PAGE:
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Keesler Hosts Mississippi Special Olympics

KEESLER AIR FORCE BASE, Miss. -- Back in August 2005, when Hurricane Katrina hit the Gulf Coast, including Keesler, it seemed doubtful that the base would be able to host the annual event for the 21st year in a row. 

The weekend of May 5-7 included temperatures in the 70s, very little rain and most importantly for Keesler it featured the 2006 Mississippi Special Olympic State Summer Games here. 

According to Maj. Terri Raines, Special Olympics planning committee chairman, planning for the event had not gotten into full swing in August, but discussions had been made. 

"Technically, planning for this event started the day after the 2005 Mississippi State Special Olympics ended," Major Raines said. "After the hurricane, the base had to shift focus to recovering and humanitarian efforts. It was around December that we decided to start talking about the games." 

She said that it took a lot of research for the event to take off as planned. 

"A committee was formed to look at the best place to host the event, and other sites were discussed, including holding the event at a nearby university," Major Raines said. "Ultimately, the committee provided enough evidence to prove that Team Keesler could host the event. We are very excited that we've not let down this special community." 

She said that after the research was done to determine the base would be able to support the event, a plan was devised. 

"Our various sub-committees started the long arduous work of inventorying equipment to ascertain loss from Hurricane Katrina or just wear and tear from repeated use," Major Raines said. "There's not one squadron on this base that hasn't put forth a great deal of effort to make this happen and I'm personally grateful for everyone's dedication to the event. 

"A committee of more than 50 members and sub-committees taking the team upwards of 200 strong were the backbone of this year's event," she said.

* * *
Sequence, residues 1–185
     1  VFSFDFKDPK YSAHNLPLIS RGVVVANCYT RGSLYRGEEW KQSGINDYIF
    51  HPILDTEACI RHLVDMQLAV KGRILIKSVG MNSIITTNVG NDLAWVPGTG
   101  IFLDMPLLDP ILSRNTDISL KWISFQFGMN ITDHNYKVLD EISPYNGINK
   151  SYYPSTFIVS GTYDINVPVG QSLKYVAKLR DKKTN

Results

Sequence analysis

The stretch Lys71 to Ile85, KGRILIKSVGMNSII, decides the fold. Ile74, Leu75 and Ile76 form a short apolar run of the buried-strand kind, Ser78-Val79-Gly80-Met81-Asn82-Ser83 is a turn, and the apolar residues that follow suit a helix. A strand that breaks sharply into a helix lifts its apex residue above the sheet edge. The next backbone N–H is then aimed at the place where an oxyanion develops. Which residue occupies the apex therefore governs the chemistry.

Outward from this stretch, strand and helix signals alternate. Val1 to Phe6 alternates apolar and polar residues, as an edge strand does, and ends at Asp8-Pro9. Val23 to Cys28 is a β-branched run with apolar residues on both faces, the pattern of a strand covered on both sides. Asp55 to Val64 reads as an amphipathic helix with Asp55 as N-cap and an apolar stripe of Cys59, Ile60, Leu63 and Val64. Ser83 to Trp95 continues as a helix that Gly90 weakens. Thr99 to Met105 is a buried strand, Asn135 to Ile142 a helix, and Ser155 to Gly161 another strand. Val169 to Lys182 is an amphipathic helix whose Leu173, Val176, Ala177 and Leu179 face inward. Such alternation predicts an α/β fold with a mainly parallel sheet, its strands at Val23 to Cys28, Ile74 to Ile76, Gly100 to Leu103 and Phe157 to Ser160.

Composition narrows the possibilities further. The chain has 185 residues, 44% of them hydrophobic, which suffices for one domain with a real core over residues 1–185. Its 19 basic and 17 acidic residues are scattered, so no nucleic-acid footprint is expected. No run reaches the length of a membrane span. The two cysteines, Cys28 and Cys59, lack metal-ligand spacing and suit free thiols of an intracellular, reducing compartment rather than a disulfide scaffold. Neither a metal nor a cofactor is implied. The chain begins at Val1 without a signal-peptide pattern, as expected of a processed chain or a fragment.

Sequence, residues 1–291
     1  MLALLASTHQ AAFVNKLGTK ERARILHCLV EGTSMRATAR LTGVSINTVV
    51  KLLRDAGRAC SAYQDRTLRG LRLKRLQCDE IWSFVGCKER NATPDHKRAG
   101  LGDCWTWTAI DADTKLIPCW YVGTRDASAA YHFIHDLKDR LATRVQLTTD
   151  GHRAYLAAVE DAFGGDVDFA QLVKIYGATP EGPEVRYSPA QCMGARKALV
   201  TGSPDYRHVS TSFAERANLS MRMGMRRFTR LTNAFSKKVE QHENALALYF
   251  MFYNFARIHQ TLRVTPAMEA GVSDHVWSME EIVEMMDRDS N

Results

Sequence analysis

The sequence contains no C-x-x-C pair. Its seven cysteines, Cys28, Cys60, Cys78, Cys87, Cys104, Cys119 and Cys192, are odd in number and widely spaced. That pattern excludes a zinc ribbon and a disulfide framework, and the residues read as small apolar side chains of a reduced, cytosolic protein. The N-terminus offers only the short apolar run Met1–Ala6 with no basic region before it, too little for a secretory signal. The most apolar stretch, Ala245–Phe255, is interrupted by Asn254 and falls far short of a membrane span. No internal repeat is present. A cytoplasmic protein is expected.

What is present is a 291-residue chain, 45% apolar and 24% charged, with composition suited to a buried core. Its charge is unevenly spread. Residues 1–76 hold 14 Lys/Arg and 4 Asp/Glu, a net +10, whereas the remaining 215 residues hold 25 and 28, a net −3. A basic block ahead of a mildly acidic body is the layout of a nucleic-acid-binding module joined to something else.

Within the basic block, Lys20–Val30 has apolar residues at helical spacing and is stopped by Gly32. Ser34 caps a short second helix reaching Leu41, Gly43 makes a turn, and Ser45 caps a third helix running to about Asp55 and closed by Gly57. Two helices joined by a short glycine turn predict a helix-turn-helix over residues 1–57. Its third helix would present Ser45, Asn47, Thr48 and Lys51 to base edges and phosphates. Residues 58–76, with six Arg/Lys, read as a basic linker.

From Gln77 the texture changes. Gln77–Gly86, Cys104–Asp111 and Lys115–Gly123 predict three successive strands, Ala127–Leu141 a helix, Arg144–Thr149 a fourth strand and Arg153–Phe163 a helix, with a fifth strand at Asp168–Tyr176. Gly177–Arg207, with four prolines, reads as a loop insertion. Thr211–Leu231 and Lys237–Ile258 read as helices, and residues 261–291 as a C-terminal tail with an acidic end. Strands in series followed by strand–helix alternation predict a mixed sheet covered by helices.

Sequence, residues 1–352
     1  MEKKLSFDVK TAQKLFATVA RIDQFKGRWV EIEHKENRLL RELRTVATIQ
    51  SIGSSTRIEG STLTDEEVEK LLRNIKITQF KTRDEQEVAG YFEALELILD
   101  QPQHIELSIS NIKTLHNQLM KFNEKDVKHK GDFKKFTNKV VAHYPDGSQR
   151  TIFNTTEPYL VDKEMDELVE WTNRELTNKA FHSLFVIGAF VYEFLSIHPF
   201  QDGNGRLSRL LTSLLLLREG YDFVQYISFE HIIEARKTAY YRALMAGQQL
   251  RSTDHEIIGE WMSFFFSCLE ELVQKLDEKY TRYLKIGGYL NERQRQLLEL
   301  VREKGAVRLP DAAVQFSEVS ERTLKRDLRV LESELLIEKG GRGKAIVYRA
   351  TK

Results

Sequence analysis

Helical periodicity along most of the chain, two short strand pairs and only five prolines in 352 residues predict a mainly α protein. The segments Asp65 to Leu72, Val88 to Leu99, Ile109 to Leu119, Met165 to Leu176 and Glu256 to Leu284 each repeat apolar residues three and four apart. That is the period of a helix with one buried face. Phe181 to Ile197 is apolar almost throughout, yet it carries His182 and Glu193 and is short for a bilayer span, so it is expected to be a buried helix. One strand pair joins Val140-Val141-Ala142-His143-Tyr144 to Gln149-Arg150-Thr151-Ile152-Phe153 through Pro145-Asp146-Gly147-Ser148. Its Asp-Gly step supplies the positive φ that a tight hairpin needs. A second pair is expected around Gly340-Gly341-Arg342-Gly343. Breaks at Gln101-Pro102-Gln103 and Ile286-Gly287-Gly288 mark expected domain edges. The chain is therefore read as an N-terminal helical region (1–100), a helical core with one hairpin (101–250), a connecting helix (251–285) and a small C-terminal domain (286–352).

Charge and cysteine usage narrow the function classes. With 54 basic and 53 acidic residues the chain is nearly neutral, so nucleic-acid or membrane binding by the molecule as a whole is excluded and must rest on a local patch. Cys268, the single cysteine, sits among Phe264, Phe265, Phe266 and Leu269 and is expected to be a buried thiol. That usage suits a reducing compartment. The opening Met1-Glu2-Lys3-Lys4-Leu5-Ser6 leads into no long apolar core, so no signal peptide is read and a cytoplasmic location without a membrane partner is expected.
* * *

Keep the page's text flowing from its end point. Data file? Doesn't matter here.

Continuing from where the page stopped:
The damage Katrina caused led to some concerns, Major Raines pointed out. 

"We were worried about bed space for the athletes, coaches, and distinguished visitors, as well as lodging off-base, dining establishments for the athletes' families; sheer numbers to support the volunteer efforts; the loss of some of the previous sponsors and the availability of raw resources. 

"Of paramount concern was the message that Keesler would be giving," Major Raines continued. "If we did host this year's event, were we losing focus of the personal problems all of Team Keesler. The commander ultimately had a tough call to make."
Major Raines stresses that the games are a team effort: Team Keesler and its supporting community. 

There is absolutely no way this event could have occurred without the help of Blioxi and Ocean Springs Police Departments, sponsors throughout the state and especially the Gulf Coast, the Skate Zone and the Yacht Club in Ocean Springs and the Biloxi Natatorium," she said. 

Major Raines also said that it was important for the base to host this event to show just how far this area has come since the hurricane. 

"We've been surrounded by the trauma and aftermath of Hurricane Katrina for eight months now," she said. "It's easy to get lost in that world of loss and devastation. These games afford us the opportunity to celebrate the human spirit and for a short weekend put away out own obstacles and give something to someone else." 

Airman Basic Keith Medina, 335th Training Squadron, served as a mentor to Howie Starnes, a participant (as well as a member of the volleyball team which earned first place overall). Each athlete has a mentor assigned to them. They spend the entire weekend together doing activities. Airman Medina enjoyed his time with Howie. 

"We tossed the football around for a little while on Friday," Airman Medina said. "I enjoyed my time with him." 

Starnes, from Vicksburg, Miss.., also enjoyed the time spent with Airman Medina.
"I'm happy I won," Starnes said. "I'm also happy I have a new friend." 

Major Raines thought that the event went well all around. 

"Thanks to everyone, what was once feared to be 'Mission Impossible' can be considered 'Mission Complete,'" she said.